No one knows how he did it, but former Tucson City Councilman Rodney Glassman, now a Republican, has an Exploratory Committee for Arizona Corporation Commission and it “has banked $150,000.” Glassman, who last embarrassed himself in a bizarre failed run against Sen. John McCain, filed his committee paperwork one month ago.
Speculation is that the very unpopular Secretary of State Michele Reagan convinced others to welcome Glassman, a former legislative aide for Rep. Raul Grijalva, into the GOP fold and the Corporation Commission race.
Remarkably Rodney Britz Glassman, heir to the Britz Fertilizer manure dynasty, has recruited Maricopa County Attorney Bill Montgomery to chair the committee. Glassman has been endorsed by Reagan, State Senator Karen Fann, State representatives Jay Lawrence, David Livingston, TJ Shope, and Noel Campbell, Maricopa County Board Chairman Denny Barney.
Somehow he was also able to secure the endorsements of Phoenix City Councilman Sal DiCiccio and Sen. Sonny Borelli.
Controversy has surrounded Glassman for years. In 2005, he was accused of plagiarism. According to the Arizona Daily Star:
U.S. Senate candidate Rodney Glassman is facing allegations he plagiarized some parts of his dissertation for his doctorate in arid land resource sciences.
The 246-page dissertation, completed in 2005, has many passages that match, nearly word for word, previously published scientific works by others.
The allegations first surfaced on a local, self-described “progressive” blog Wednesday.
While information in the public domain that amounts to “common knowledge” doesn’t have to be cited, in academic papers, words must be placed in quotes if they’re used exactly. Parenthetical citations are used when paraphrasing other people’s ideas.
In response to Star questions, Glassman’s campaign released a statement saying the dissertation included “original, experimental research” testing whether hands-on learning made a difference in classroom learning for 400 fourth-graders in the Vail School District.
“His research, dissertation, and Ph.D. were reviewed, guided, and approved by his committee of tenured, research academics from the University of Arizona College of Agriculture,” his spokesman, Blake Morlock, said, noting articles using the research were subsequently published nationally and internationally.
In the introduction discussing the “agrarian tradition in the United States,” for example, the former Tucson city councilman wrote, “From these humble beginnings, the process by which Americans have been taught about the art and science of using renewable resources has expanded and changed many times.”
There are neither citations nor quotation marks, although the same quote appears in a July 1999 research summary by the Western Region Coordinating Committee for Agricultural Literacy. Read more here.
“When Albert Britz, a Berkeley-educated chemist who founded the family’s fertilizer company 54 years ago, and his wife, Helen, died in 1986, they left a $23-million estate to their three grown children, David, Linda and Martin. With the vision of Glassman, Linda’s husband, the Britz heirs have moved into the business of lending.”
Glassman’s stint as as Cave Creek’s interim town manager was highly controversial. Glassman, who was been described by his senatorial campaign staff as “out of control in the worst possible way,” was appointed to the town manager spot with the help of former Vice Mayor Adam Trenk.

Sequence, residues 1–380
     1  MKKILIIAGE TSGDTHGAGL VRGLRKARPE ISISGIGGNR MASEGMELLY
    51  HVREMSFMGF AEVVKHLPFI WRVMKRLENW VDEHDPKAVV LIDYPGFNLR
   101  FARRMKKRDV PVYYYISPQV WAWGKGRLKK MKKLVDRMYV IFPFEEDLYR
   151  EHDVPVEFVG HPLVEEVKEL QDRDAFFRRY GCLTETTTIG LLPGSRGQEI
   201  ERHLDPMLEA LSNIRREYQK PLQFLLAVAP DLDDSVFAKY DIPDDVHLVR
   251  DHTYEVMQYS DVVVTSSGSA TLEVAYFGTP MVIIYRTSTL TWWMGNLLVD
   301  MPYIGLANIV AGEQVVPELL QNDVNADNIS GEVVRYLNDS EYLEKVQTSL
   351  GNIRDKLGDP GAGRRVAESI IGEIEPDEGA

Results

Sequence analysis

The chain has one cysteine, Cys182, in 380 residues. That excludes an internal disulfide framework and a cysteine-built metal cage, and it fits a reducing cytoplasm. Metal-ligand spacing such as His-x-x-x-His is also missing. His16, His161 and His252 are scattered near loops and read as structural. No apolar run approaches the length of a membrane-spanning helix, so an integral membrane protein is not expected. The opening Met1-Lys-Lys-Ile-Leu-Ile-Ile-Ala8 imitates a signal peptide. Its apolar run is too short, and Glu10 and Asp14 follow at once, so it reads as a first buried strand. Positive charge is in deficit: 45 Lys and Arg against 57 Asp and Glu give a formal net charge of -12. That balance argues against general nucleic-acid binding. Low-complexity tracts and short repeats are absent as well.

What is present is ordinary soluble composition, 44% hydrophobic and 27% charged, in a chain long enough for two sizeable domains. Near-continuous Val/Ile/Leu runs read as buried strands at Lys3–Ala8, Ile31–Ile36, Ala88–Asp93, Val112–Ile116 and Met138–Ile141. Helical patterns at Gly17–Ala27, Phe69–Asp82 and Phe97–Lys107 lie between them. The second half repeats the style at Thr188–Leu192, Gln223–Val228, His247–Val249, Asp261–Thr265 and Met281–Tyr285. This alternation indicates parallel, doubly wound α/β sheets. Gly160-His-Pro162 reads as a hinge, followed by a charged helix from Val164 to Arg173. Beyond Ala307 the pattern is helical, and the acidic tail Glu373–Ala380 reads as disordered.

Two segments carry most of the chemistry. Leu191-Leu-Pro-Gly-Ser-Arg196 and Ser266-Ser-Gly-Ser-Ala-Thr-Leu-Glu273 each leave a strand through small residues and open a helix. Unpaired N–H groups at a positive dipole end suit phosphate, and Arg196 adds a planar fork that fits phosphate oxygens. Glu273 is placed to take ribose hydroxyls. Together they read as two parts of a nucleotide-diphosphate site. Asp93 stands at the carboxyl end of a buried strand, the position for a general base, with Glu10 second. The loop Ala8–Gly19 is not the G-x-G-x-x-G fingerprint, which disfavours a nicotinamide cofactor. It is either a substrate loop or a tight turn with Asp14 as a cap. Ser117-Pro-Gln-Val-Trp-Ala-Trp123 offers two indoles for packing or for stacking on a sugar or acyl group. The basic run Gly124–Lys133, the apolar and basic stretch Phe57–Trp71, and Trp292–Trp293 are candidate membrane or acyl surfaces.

According to Sonoran News, Trenk was “subsequently recalled along with the other three councilmen who voted to oust the town manager and hire Glassman.” Sonoran News reported:
During his tenure as interim town manager, Glassman spent a majority of his time away from town hall wining and dining people at taxpayer expense.
And, while Glassman’s contract was to terminate no later than Jan. 8, 2014, the same members of council who voted to hire Glassman, voted to extend his contract through Feb. 14, despite public outcry.
Glassman spent the bulk of his time as interim town manager pursuing his political goals while he delayed the process for selecting a permanent town manager.
He also took it upon himself to hire an independent contractor for a period of nine months to provide “community outreach coordination services” at a cost of $1,000 per month to work a minimum of 10 hours per month.
So, there was another $9,000 Glassman racked up in expenses during his tenure with the town.
As Glassman delayed the job he was hired to perform, he was unable to complete it within the six month period it was to be accomplished.
When council voted 4-3 to extend Glassman’s contract, then Councilman Ernie Bunch, who was one of three dissenting votes, stated, “We told the citizens of Cave Creek we’d have a new town manager in six months. This speaks to a non-performance bonus.”
Glassman seemed to disappear after the Cave Creek debacle. He reemerged when he was appointed to Reagan’s Technology, Transparency & Commerce Council. Reagan touted the council members as “an amazing group of industry leaders” to help her “identify and implement an agenda that will make government more efficient and accountable.”
According to his LinkedIn profile, Glassman is currently “of counsel” with Beus Gilbert PLLC. Since May 2016, he has worked with the firm in the areas of “commercial litigation, real estate entitlement/development, and working with c-suite business leaders to pursue opportunities and deal with challenges outside of their traditional organizational structures.”
In March 2016, at the time of his appointment to Reagan’s council, Glassman was with the Ryley Carlock & Applewhite law firm in an External Affairs and Government Relations practice. According the the firm’s website, Glassman’s practice was focused on “driving relevancy, enhancing credibility, and developing substantive relationships for his government, corporate, and non-profit clients.”